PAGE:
Jackie Kennedy Suffered From PTSD After Witnessing Her Husband's Death | "Love for Her Children Gave Her Strength" to Overcome Grief

Jackie Kennedy Suffered From PTSD After Witnessing Her Husband's Death | "Love for Her Children Gave Her Strength" to Overcome Grief

She had nightmares from the day she saw her husband die right next to her that didn't let her sleep.

Source: Getty Images | Photo by (L) Hulton Archive, (R) Getty Images

November 22, 1963, was one of the grimmest days in American history. The 35th president of the United States, John F Kennedy, was assassinated in cold-blood while his wife was sitting right next to him as they rode through Dealey Plaza in downtown Dallas, Texas, in a presidential motorcade.

Just before leaving for Dallas, John addressed the people who had come to the event organized by his beautiful wife Jacqueline Kennedy right outside the hotel they were staying in and said, "I appreciate your being here this morning. Mrs. Kennedy is organizing herself. It takes longer, but, of course, she looks better than we do when she does it."


Those were his last words of appreciation for his wife, according to JFK Library. Right after the speech as the couple traveled in the motorcade, as their car turned off Main Street at Dealey Plaza, he was shot in the head by Lee Harvey Oswald who was later gunned down by Jack Ruby.



Claudia Alta "Lady Bird" Johnson, President (then-Vice President) Lyndon B. Johnson's wife described what she witnessed after the attack and said that she "saw, in the president's car, a bundle of pink, just like a drift of blossoms, lying on the back seat. I think it was Mrs. Kennedy, lying over the President's body," according to Biography.


Jackie wiped the blood off her face but refused to change her pink suit that was covered in her husband's blood and gore. In fact, she stood strong all through the funeral wearing it. Later talking to Life Magazine she recalled, "I thought, 'Why did I wash the blood off?' I should have left it there; let them see what they've done."

She came back to the White House on December 1, 1963, to get her and her deceased husband's things sorted while the White House helpers wept at the loss of their beloved president, but Jackie stood strong again.


She said, “We’ll cry later when we’re alone." She did cry later but loneliness and the trauma of watching her husband die in front of her took a toll on her mental health, reported Closer Weekly.



Jackie was haunted by nightmares of that day and she found herself in a very dark place. Paul Brandus, the author of Jackie: Her Transformation From First Lady to Jackie O revealed, “In the spring of 1964, she actually thought about ending her life. She was miserable for quite a long time.”

Just 34 years old at the time and with two kids, son John F. Kennedy Jr. and daughter Caroline Kennedy, to raise, she moved to a neighborhood of Washington D.C.’s Georgetown for a change. Did she feel any good? The answer is no.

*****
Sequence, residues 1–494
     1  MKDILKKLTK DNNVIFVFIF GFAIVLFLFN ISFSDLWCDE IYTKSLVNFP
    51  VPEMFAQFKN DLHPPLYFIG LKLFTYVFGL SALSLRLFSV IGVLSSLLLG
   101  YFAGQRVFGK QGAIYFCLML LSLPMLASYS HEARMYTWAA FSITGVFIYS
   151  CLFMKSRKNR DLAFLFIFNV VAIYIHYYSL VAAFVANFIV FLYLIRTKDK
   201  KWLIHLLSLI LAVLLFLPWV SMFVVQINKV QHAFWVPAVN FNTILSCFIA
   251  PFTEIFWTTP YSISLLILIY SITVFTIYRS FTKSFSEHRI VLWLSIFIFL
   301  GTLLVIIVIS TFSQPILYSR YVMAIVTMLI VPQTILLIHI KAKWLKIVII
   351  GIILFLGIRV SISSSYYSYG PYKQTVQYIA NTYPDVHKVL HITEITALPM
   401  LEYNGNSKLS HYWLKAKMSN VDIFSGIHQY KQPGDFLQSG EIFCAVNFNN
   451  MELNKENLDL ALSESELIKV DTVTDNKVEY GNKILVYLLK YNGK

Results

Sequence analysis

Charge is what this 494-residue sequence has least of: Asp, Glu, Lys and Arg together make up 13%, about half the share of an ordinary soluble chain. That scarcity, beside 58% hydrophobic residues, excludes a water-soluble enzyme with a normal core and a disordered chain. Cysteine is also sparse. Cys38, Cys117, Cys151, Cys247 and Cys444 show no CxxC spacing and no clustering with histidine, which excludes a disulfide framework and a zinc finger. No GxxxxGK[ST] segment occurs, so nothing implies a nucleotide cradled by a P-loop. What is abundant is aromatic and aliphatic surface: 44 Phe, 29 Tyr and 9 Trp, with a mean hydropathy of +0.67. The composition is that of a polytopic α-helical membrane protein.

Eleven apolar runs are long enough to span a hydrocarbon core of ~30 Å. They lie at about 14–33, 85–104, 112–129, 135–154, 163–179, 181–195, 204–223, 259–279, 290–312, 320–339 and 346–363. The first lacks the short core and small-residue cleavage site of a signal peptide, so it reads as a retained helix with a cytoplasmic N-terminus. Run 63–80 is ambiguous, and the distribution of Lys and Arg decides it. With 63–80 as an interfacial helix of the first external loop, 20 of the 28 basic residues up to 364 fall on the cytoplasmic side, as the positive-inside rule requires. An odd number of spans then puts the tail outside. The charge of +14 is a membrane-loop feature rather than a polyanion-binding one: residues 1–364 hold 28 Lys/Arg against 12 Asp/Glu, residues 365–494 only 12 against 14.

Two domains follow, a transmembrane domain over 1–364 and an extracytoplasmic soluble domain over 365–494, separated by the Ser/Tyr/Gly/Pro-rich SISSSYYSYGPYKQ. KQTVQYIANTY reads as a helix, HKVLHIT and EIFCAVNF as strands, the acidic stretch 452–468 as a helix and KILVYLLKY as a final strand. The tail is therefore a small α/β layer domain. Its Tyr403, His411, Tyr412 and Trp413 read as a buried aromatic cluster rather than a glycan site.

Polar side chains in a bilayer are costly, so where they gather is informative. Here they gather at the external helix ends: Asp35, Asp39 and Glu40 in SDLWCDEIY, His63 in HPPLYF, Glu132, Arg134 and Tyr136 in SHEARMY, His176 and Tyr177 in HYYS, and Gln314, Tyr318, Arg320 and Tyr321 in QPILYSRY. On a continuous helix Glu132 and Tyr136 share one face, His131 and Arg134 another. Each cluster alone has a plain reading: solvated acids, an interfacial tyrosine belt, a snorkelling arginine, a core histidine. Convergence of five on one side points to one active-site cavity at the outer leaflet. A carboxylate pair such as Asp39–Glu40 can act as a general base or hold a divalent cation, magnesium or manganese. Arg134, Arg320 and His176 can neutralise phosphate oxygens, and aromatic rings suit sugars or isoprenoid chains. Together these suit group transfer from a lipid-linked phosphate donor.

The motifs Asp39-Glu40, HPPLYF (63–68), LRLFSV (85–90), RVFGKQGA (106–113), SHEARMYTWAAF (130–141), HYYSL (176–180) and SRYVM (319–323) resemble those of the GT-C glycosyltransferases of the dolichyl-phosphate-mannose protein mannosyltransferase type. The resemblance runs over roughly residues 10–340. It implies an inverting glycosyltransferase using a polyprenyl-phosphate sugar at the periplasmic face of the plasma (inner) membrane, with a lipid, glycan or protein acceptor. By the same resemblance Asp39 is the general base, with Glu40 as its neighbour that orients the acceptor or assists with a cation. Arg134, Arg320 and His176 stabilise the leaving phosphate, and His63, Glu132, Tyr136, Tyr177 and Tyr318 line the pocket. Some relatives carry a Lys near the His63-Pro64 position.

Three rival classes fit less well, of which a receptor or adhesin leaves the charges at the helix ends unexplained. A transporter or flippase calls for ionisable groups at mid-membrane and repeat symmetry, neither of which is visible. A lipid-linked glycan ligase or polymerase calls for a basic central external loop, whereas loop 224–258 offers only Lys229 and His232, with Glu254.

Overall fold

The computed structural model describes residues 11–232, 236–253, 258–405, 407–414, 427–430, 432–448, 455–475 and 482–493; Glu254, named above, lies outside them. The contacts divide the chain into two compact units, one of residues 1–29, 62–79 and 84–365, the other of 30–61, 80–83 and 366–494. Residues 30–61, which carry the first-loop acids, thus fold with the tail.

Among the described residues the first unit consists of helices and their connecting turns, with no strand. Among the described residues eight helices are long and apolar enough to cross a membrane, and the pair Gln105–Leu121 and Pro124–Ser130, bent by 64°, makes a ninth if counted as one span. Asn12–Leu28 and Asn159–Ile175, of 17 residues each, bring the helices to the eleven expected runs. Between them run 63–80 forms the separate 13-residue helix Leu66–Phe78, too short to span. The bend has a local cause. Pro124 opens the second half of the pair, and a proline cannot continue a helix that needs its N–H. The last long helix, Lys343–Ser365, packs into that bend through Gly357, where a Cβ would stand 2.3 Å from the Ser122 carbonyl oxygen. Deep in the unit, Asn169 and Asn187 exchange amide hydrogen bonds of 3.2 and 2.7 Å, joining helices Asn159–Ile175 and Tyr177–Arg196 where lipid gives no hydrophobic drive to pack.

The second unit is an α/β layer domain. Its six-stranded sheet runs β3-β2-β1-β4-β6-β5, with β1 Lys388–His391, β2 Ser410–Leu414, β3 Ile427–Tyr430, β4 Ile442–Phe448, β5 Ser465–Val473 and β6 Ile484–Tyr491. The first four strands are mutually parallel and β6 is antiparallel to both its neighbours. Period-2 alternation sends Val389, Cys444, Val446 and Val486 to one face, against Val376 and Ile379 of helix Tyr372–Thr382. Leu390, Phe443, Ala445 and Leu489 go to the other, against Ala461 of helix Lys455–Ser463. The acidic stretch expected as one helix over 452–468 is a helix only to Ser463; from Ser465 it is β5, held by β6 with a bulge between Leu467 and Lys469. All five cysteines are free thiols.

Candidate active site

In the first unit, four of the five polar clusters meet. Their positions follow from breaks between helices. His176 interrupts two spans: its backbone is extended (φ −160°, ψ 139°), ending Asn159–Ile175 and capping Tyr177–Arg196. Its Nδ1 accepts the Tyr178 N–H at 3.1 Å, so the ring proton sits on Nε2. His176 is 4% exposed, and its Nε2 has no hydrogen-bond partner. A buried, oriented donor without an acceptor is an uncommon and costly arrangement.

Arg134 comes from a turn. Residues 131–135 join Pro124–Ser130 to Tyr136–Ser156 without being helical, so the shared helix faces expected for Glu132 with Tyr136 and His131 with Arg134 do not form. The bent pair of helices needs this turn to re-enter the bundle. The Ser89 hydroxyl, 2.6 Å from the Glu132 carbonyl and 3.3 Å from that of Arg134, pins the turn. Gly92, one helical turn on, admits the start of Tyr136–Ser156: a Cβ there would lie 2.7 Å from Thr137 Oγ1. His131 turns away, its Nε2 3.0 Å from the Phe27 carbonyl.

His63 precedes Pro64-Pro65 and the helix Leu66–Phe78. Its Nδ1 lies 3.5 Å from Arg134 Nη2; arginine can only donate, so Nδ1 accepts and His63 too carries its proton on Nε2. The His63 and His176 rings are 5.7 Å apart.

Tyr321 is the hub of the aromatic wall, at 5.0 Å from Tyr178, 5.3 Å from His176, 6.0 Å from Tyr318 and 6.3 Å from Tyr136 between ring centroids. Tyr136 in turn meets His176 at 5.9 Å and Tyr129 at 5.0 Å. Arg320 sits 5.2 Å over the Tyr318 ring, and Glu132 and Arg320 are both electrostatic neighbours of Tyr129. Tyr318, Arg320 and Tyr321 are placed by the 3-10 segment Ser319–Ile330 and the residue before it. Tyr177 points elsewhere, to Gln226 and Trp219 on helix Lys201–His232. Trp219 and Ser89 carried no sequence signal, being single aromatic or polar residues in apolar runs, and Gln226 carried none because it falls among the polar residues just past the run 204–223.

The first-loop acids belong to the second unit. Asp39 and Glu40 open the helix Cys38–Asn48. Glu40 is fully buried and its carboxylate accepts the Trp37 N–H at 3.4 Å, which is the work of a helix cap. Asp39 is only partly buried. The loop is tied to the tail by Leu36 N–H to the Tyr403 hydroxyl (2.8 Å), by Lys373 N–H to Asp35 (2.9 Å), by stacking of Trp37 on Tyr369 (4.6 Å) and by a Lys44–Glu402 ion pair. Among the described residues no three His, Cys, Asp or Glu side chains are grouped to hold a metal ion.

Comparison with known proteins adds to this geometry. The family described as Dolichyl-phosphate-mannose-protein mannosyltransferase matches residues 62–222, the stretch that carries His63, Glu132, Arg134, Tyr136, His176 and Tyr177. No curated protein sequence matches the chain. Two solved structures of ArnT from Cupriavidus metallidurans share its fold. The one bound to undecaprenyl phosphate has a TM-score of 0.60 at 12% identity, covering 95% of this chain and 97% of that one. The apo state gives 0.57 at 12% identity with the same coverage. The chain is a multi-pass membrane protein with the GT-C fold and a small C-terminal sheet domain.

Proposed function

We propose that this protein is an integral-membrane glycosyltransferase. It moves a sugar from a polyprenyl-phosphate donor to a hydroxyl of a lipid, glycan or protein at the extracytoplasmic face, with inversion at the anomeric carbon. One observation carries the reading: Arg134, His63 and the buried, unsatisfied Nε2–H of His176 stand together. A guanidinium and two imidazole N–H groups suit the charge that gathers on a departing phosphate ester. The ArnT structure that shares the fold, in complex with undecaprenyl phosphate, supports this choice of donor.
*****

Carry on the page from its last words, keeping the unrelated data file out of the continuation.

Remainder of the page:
Talking about her troubles she once said, “Can anyone understand how it is to have lived in the White House and then, suddenly, to be living alone as the president’s widow?” No one could understand, not even her. All she ever thought about was if she could've done something to save her husband. Brandus exclusively told the publication, “She could not stop thinking about it. She had nightmares during the day and going to sleep brought her no rest.”



As a result, the former first lady found herself drinking too much. She spent her nights crying, locked up in her room with alcohol, reported Irish Central. She was clearly suffering from PTSD (post-traumatic stress disorder) but there was no term for it back then. Brandus talking about it said, “The term PTSD did not exist back then, but clearly she was traumatized." Jackie was so disturbed that she once asked Father McSorley, a priest her brother-in-law had introduced her to, “Do you think God would separate me from my husband if I killed myself?” because she thought God was "unjust."

That's when her children came in. Although she thought they should've lived with her brother-in-law Robert Kennedy and his wife Ethel, her children became the reason for her to live every day.


“Her love for her children," Brandus said, "gave her strength.” He added, “She said at one point that if you do a poor job of raising your children, then nothing else you do in life really matters. She lived up to that. They always came first.”

By 1964, Jackie was done with Washington D.C and moved to New York with her children. There she began a new life and was introduced to Aristotle Onassis by her sister Lee Radziwil. In 1968, from a Kennedy, she became Onassis and finally found the peace of mind she was so desperately in search of.

“Jackie didn’t believe the Secret Service could protect anybody — especially after the assassination of Bobby,” Brandus said and added, “Whatever doubts she had about Onassis, they were outweighed by what he had to offer — first and foremost security.”


Talking about her husband Onassis, she once said, “He rescued me at a moment when my life was engulfed in shadows.” She was finally at peace until her death in 1994 because of non-Hodgkin lymphoma.